Maine health care workers asked the Supreme Court to halt the COVID-19 vaccine mandate in the state, where more than 2,000 nurses and medical techs oppose Gov. Janet Mills’ requirement to get vaccinated by Oct. 29 or get fired.
They claim the mandate from Ms. Mills, a Democrat, runs afoul of federal law because it does not provide them with a religious exemption.
Lower courts refused to halt the mandate, so the request is now pending before Justice Stephen G. Breyer at the high court.
Mat Staver, the founder of Liberty Counsel, which is representing the health care workers, said the Maine health care workers have the legal right to request a reasonable accommodation.
“Forcing COVID shots without exemptions is unlawful,” he said. “The governor cannot override federal law and force health care workers to violate their sincerely held religious beliefs by forcing them to inject an experimental substance.”
Legal experts say the health care workers face an uphill battle.
This is the third case challenging vaccine mandates to come before the justices. So far, the other two have been batted down.
Justice Amy Coney Barrett refused to grant an injunction in August to students at the University of Indiana who challenged the school’s requirement for them to get the shot.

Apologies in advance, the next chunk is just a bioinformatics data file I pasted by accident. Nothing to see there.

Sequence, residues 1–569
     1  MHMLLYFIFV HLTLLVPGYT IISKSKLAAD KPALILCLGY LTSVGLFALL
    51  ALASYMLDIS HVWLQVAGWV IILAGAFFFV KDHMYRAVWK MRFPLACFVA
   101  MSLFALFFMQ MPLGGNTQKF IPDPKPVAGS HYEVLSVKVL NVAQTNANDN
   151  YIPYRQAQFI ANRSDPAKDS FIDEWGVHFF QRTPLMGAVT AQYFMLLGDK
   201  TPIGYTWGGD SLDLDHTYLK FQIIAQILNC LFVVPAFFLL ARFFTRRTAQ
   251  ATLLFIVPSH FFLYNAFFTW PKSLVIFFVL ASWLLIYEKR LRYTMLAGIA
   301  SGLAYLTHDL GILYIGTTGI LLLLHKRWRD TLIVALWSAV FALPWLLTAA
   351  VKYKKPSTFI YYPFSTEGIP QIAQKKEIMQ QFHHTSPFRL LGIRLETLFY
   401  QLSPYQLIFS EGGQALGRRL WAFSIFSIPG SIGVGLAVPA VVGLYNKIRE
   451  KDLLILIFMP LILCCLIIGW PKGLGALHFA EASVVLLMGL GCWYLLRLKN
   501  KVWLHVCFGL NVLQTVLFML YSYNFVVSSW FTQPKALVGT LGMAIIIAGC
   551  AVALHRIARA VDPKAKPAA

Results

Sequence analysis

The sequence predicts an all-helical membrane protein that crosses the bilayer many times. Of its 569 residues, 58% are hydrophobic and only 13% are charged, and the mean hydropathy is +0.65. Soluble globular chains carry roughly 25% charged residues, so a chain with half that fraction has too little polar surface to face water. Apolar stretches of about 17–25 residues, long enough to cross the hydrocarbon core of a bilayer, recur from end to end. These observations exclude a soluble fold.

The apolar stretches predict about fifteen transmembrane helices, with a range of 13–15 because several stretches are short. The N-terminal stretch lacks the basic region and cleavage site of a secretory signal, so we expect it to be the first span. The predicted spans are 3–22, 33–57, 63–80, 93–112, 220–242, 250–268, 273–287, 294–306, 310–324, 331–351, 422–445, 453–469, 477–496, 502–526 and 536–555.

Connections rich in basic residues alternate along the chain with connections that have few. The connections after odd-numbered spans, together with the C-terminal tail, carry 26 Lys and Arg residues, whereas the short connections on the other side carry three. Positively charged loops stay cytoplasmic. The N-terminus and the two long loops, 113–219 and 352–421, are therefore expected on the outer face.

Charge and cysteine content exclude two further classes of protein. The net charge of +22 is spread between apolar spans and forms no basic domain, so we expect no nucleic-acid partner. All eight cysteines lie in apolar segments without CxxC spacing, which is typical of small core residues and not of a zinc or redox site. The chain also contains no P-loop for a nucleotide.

Justice Sonia Sotomayor earlier this month also rejected a request to block the vaccine requirement for New York City public school teachers.
“What I’m seeing is most courts uphold mandates,” said Dorit Rubinstein Reiss, a professor at UC Hastings College of Law, though she said the issue is unsettled and still working its way through various courts.
She cited a case in New York, Dr. A. v. Hochul, as one of the broadest cases to temporarily limit a state vaccination mandate.
In that dispute, a judge halted New York Gov. Kathy M. Hochul’s requirement for health care workers to get vaccinated without offering religious exemptions. The pause on the mandate is in place while the litigation continues.
Also, a group of athletes won a temporary victory last week when a judge granted them a restraining order from having to get the shots to continue playing sports for Western Michigan University. The student-athletes had sued, claiming their religious exemptions were denied or ignored.
Leslie Gielow Jacobs, a law professor at the University of the Pacific, predicted that most cases will be appealed to the Supreme Court, but the justices will only take up the religious liberty claims where individuals aren’t treated equally.
“The Court can choose whether to accept cases for review and usually, with a topic like this one that has so many variations and is evolving, the Court will wait for lower courts to reach final decisions and will accept review if the lower courts reach split judgments on an important issue,” Ms. Jacobs said.
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